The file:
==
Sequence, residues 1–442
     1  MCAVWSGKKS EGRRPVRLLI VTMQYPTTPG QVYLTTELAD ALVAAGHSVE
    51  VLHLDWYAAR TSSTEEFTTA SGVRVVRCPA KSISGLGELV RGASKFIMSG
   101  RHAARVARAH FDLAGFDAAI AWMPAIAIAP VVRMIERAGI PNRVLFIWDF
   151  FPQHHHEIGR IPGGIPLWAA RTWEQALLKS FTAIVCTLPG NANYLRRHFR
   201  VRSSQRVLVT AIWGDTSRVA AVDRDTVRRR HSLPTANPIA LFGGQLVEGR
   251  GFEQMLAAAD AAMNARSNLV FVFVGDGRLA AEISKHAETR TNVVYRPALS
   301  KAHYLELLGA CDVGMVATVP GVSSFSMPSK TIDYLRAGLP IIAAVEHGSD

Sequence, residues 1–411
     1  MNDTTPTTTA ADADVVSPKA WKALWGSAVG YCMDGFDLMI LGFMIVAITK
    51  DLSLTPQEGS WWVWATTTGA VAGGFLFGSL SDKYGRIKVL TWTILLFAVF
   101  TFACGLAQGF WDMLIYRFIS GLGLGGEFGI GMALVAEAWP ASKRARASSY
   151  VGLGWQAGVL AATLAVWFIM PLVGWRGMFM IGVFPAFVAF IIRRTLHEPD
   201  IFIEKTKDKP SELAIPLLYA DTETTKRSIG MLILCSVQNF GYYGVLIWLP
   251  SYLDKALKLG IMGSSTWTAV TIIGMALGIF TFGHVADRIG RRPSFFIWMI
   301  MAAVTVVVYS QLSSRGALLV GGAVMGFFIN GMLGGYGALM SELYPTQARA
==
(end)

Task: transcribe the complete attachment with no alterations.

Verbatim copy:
Sequence, residues 1–442
     1  MCAVWSGKKS EGRRPVRLLI VTMQYPTTPG QVYLTTELAD ALVAAGHSVE
    51  VLHLDWYAAR TSSTEEFTTA SGVRVVRCPA KSISGLGELV RGASKFIMSG
   101  RHAARVARAH FDLAGFDAAI AWMPAIAIAP VVRMIERAGI PNRVLFIWDF
   151  FPQHHHEIGR IPGGIPLWAA RTWEQALLKS FTAIVCTLPG NANYLRRHFR
   201  VRSSQRVLVT AIWGDTSRVA AVDRDTVRRR HSLPTANPIA LFGGQLVEGR
   251  GFEQMLAAAD AAMNARSNLV FVFVGDGRLA AEISKHAETR TNVVYRPALS
   301  KAHYLELLGA CDVGMVATVP GVSSFSMPSK TIDYLRAGLP IIAAVEHGSD

Sequence, residues 1–411
     1  MNDTTPTTTA ADADVVSPKA WKALWGSAVG YCMDGFDLMI LGFMIVAITK
    51  DLSLTPQEGS WWVWATTTGA VAGGFLFGSL SDKYGRIKVL TWTILLFAVF
   101  TFACGLAQGF WDMLIYRFIS GLGLGGEFGI GMALVAEAWP ASKRARASSY
   151  VGLGWQAGVL AATLAVWFIM PLVGWRGMFM IGVFPAFVAF IIRRTLHEPD
   201  IFIEKTKDKP SELAIPLLYA DTETTKRSIG MLILCSVQNF GYYGVLIWLP
   251  SYLDKALKLG IMGSSTWTAV TIIGMALGIF TFGHVADRIG RRPSFFIWMI
   301  MAAVTVVVYS QLSSRGALLV GGAVMGFFIN GMLGGYGALM SELYPTQARA